They say there is no friend better than a dog – and we agree!
As we usher in the Year of the Dog this Lunar New Year, we urge readers not to buy a dog on impulse. Keeping a dog, or keeping any pet, for that matter, is a huge responsibility and should be thought over carefully. It is irresponsible to keep a pet simply because it is auspicious or because everyone else is doing so.
In the last Year of the Dog in 2006, the Society for the Prevention of Cruelty to Animals (SPCA) reported an increase in the number of suspected abandoned dogs. Too often, dogs are unceremoniously abandoned or left at an animal shelter when dog owners decide not to keep them any longer.
Therefore, this Lunar New Year, TISG offers some tips on things you should consider before getting a dog.
- Why do you want to keep a dog?
First and foremost, why do you want to keep a dog? It definitely should not be because it is auspicious or trendy, or because dogs are cute.
If the reason is because your child is pestering for one, we would encourage you to reconsider. A dog is not a one-time purchase to humour or reward your child. It is a life; it requires you to shower it with care and attention, and treat it as how you would a family member.
However, if you are looking for company and are able to commit to sharing some of your love, dogs make a good choice as companions. Dogs can serve people’s need to cherish and love, and can keep one happy and healthy. Dogs are also able to spice up your life and make you laugh with their antics.
- Time commitment
Dogs are social animals that need a lot of attention to be happy. Keeping dogs, therefore, takes up a lot of a dog owner’s time and energy. Dogs need adequate exercise daily – some multiple times a day, depending on their breeds – to keep both their bodies and minds healthy.
Depending on their breeds, some dogs are needier and require more of your attention than others. Thus, you must be prepared to attend to your dog’s needs at any time.
A lot of time will also be spent on dog training, and this requires patience and consistency. Puppies, especially, require the most work when it comes to training.
Be prepared to also spend time on menial chores such as feeding and cleaning the dog, and bringing it for visits to the vet.
- Financial commitment
The cost of keeping a dog is still relatively high. In addition to purchasing or adopting the dog, there are additional costs such as routine check-ups, food, housing, grooming, toys, and so on. Puppies are more expensive to upkeep, as they need to see a vet more often because of vaccinations or emergency visits.
Busy individuals will also have to factor in the costs of hiring a trainer and dog walker for their dogs.
That said, you do not need to be rich to own a dog; just be sure that you are able to comfortably provide for your dog for as long as it will live.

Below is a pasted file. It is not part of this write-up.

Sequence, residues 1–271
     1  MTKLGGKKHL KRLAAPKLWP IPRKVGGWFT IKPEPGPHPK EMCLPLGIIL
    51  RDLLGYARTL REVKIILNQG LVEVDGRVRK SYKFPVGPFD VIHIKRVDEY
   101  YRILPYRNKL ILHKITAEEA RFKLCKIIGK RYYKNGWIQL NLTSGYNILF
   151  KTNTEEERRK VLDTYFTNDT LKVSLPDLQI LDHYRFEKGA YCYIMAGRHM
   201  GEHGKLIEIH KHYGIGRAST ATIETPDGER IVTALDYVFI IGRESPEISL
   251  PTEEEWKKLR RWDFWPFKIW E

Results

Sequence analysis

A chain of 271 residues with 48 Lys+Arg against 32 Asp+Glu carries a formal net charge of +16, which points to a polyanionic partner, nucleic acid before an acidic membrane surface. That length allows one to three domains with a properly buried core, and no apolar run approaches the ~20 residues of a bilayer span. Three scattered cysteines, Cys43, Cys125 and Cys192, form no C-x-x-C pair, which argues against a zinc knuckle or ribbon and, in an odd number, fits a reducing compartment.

- What kind of dog do you want?
Choosing a dog based on how cute it is is a definite no-no. When dog owners fail to thoroughly understand the behaviour of the dogs they are getting, the tendency to abandon or sell them away becomes higher.
You should choose a dog that is suitable to your lifestyle and your surroundings. For example, some dogs require more exercise. If you are not an avid runner, do not get an active breed. Many people think that a dog will force them to exercise; most often, however, these dogs end up suffering when their needs are not met.
If you live in a small apartment, you should not be getting a large dog as it needs big spaces to run about. Furthermore, dog owners living in HDB flats must adhere strictly to the list of HDB-approved dogs.
We recommend research on the breed that is most suited to you, and be open to changing your mind if it is not what you envision as your ‘ideal’ pet.
- Planning ahead
Keeping a dog requires a commitment of up to 15, or even up to 20 years. It is thus extremely important to plan ahead before deciding to keep a dog.
Factors such as when you will be settling down, your children’s age, whether you are planning to have more children, whether you will change the type of house you live in, should be considered. Planning ahead ensures that you will be fully committed to caring for the dog long-term and not abandon it due to changes in your life.
Be prepared to also have less free time for the next 15 or so years of your life. Having a dog is akin to having kids – you will have to head home early after work, and even sacrifice weekends to take care of your dog.
If you have decided to get a dog, the next question would be whether to purchase or adopt one. Many dogs that are up for adoption have been mistreated or abandoned by their previous owners. By adopting, you will be able to give these dogs a new lease of life and the love it deserves.
There are many organisations in Singapore that offer dog adoption services, such as SPCA, Animal Lovers League (ALL), Save Our Street Dogs (SOSD), Causes for Animals Singapore (CAS) and Adopt A Dog. They have staff and volunteers who are able to match you to a suitable pet and advise you on how to care for your new furry friend.
A dog is not only a man’s best friend, but also family. Dogs share a special bond with us – one that is difficult to replicate. Having a dog is bound to add some love and laughter into your life, and will be an extremely rewarding experience.
On this note, TISG would like to wish everyone a Happy Lunar New Year!
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